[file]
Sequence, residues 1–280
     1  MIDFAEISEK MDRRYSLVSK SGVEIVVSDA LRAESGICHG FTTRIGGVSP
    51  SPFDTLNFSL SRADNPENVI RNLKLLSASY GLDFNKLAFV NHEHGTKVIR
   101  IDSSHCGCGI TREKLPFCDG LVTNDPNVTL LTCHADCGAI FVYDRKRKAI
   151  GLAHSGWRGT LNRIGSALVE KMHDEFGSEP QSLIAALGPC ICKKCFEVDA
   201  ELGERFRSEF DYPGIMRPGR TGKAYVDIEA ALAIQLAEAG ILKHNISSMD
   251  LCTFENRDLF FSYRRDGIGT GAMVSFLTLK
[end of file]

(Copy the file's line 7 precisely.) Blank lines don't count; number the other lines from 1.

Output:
   251  LCTFENRDLF FSYRRDGIGT GAMVSFLTLK